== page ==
Friday, January 25, 2013

Let's Cross Borders!

  Are you feeling claustrophobia?  Have you been locked inside the US too long?

Cross a border--drive over to Canada or Mexico.  Listen to another language.  Feel the mood of another country.

Too many of us live our whole lives never leaving the good ol' USA.  Others of us fly to Europe but rarely visit our next-door neighbors, Mexico and Canada.

While I was at my nephew's wedding in San Diego last weekend, I wanted to drive down and check out Tijuana but didn't have time.  As it happened, I left the hotel room too fast, forgetting a couple of items in the closet and thus having an excuse to drive south again with more time to cross the border.

Mexico is just 150 miles from my front door, but I haven't been down to Baja California for over ten years.  I haven't taken the house-building trips with Amor Ministries that my church organizes annually.  I haven't had any out-of-town visitors who wanted to visit Tijuana or Ensenada.

The big increase in shootings and violence associated with drug cartels has been part of the reason for my visits being fewer in the 2000s than in the 1990s, but lately interest in border issues has propelled me to Nogales, Arizona, and today to Tijuana, Baja California.

I've been appalled to hear about deaths of people trying to cross deserts illegally, and friends encouraged me to check out the ministry of groups like the Tucson Samaritans, No More Borders, and ___, so I drove to Arizona in early January.

Today was my chance to make a quick visit to Tijuana--why?  As George Mallory said of Mount Everest in 1923, "Because it's there."

I drove down Avenida Revolucion and down a few side streets filled with tiendas opening on the street with racks of clothing for sale, then back on Avenida Juarez toward the border.  

I missed the correct lane for San Diego on my first try, circled back, and was just turning back onto Avenida Juarez when a man selling newspapers asked in English, "Are you looking for the way to San Diego?"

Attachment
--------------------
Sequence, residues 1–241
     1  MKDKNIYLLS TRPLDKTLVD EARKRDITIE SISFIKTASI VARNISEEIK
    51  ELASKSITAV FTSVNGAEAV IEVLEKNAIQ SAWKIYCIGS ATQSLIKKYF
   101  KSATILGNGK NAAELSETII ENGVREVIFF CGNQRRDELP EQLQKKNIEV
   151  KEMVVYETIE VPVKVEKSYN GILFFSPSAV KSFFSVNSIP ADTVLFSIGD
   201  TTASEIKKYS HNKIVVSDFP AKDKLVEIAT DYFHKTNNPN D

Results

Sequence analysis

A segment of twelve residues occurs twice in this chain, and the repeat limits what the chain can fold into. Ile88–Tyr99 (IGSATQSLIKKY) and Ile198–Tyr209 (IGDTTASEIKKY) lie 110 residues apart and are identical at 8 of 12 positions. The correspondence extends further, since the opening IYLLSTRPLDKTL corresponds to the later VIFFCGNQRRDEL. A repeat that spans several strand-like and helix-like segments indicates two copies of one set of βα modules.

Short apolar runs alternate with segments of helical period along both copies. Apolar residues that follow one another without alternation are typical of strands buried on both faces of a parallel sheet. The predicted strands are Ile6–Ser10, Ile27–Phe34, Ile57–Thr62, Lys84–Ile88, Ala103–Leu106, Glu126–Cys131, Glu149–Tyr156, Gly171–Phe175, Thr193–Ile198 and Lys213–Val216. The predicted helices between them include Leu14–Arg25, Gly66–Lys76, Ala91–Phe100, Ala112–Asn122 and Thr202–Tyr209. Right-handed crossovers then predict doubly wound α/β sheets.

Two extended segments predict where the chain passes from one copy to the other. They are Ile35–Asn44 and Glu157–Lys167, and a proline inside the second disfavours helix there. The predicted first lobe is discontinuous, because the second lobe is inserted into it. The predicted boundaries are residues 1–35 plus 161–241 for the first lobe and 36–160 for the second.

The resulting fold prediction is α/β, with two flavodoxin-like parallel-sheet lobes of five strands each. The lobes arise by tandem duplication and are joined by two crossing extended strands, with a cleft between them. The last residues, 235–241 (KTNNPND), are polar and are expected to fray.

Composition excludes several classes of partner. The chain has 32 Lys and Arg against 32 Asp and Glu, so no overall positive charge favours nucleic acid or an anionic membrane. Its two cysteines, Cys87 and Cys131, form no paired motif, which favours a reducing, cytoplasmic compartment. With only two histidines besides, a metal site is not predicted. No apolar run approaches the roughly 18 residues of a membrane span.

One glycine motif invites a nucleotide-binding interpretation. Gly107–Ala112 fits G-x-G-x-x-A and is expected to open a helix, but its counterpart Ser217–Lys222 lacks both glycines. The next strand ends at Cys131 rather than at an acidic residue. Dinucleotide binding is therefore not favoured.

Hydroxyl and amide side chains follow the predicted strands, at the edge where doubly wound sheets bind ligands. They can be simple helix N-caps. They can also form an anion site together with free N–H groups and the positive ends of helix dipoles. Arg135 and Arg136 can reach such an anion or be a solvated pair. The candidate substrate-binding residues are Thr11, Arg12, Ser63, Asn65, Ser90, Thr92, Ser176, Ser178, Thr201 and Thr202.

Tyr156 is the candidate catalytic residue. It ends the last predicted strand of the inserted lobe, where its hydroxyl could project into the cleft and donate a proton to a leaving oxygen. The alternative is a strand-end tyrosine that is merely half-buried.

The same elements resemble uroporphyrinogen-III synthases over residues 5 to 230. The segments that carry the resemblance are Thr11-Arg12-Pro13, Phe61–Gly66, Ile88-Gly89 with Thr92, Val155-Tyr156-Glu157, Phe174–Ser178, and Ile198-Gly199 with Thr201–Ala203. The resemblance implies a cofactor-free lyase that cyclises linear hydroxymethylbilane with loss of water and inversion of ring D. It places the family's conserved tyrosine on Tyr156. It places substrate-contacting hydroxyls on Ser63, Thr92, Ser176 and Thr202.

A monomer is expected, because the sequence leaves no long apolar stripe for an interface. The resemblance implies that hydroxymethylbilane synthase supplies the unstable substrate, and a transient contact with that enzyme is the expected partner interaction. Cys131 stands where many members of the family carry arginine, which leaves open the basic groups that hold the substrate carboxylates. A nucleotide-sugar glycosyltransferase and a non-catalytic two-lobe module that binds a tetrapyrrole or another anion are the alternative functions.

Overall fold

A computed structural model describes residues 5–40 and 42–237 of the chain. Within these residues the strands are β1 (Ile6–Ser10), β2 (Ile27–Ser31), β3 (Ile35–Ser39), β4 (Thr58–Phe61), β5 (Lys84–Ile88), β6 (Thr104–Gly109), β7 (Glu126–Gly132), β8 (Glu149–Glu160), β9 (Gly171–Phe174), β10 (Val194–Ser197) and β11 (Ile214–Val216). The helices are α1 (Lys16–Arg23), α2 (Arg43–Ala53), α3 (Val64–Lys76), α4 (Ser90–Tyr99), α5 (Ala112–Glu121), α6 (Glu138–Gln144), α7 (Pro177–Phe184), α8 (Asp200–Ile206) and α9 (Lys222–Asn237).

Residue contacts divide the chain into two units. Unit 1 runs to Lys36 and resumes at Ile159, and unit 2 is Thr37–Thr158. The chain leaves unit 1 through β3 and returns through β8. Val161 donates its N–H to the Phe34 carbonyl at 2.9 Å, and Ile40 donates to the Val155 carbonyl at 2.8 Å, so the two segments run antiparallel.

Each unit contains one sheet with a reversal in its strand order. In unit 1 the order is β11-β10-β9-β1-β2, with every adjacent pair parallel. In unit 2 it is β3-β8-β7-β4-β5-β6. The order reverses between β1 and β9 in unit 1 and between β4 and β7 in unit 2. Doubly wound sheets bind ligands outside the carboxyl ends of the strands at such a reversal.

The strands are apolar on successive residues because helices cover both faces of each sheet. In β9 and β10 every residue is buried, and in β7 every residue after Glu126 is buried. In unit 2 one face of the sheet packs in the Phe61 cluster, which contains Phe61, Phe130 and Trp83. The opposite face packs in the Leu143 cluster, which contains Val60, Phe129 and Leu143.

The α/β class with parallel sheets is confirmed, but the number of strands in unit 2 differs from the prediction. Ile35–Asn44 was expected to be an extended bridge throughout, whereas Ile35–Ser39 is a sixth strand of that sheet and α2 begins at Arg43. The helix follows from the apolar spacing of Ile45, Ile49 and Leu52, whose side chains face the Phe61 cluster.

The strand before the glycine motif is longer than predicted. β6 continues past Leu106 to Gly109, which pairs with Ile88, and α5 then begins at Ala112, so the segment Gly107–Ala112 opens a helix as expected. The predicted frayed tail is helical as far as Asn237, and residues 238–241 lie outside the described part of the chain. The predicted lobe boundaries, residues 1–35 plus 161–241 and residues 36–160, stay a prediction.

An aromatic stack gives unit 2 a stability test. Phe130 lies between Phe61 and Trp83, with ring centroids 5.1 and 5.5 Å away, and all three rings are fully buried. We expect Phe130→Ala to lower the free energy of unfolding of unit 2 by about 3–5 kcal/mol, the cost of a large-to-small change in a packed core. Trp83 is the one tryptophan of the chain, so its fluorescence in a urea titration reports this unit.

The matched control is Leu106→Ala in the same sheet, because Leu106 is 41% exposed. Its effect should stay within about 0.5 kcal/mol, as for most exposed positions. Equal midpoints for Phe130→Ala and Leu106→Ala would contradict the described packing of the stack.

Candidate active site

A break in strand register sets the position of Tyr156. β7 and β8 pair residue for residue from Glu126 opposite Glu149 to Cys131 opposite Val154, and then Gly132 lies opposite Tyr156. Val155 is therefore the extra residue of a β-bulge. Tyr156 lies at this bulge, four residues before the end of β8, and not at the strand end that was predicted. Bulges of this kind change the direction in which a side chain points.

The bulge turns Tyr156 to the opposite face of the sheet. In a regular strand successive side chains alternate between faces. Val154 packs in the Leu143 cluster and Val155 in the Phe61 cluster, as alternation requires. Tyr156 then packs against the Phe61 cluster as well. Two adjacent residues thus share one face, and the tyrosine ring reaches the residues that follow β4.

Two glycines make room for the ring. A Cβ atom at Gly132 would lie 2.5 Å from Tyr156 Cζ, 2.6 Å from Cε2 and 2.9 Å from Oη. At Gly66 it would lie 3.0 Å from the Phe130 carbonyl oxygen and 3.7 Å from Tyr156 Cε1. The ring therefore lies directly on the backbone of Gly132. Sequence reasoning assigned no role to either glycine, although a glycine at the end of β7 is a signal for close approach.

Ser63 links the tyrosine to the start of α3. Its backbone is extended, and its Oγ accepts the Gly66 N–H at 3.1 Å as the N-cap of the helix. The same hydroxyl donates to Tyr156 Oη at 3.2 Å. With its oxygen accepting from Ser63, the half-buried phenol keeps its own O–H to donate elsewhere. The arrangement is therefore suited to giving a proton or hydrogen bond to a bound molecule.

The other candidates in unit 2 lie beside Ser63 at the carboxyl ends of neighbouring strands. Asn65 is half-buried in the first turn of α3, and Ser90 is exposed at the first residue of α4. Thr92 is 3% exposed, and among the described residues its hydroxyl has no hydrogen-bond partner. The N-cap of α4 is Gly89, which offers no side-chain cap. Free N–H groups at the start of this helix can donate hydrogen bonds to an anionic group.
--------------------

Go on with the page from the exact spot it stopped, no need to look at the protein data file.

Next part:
"Yes," I confessed, quite obviously an American tourist.

"Turn left here," he said, "and then take the second lane from the left, even though the San Diego sign seems to be over the third lane."

"Oh, thanks!" I laughed.  "I made that mistake just now, taking the third lane from the left."

One small moment for him and me, but one step forward in international understanding.  People in Tijuana tend to speak excellent English and to be kind and helpful.

The line of cars to reenter the US happened to be very short at 2:45 pm, only a fifteen-minute wait.

Passing up most of the items being hawked by sellers walking up and down the lanes of cars, I bought one thing: a pair of yellow and orange metal flowers cut from a soft drink can and standing in the end of the can as a base.  The artist was a man in a wheel chair.

I passed a very short woman holding a baby swaddled in blankets and asking for money, then another similar woman.  Are they indigenous--pre-Hispanic? Their sad faces stay with me.

The US customs agent asked to see my driver's license and then asked if I have a passport.  

"Good! That will make things go faster," he said when I handed it to him.

I drove three hours up I-5 and was home, but that short visit changed me.  

Serious poverty is so close at hand, without much of a safety net, and Tijuana in the daytime is not that dangerous if you stay in the right part of town.

Alta California (now in the US) was once owned by Mexico, as were New Mexico and parts of Texas.  

Do we really need a wall topped with barbed wire to separate us?  

Is it ethical to live with luxury so close to intense poverty--and ignore what's on the other side of the border?

I propose that we all exercise our right to cross the US-Mexico border easily.  Let's cross often; let's have crossing demonstrations, one hundred of us at a time.  

Let's visit the wall often and become familiar with what it means to those on the other side.  

Let's have candlelight services at the wall for the number of people who died trying to cross the border in the last year.  

If we who live so close to the border ignore these problems, it's like ignoring the body bags that return from Afghanistan.  

We must never forget.

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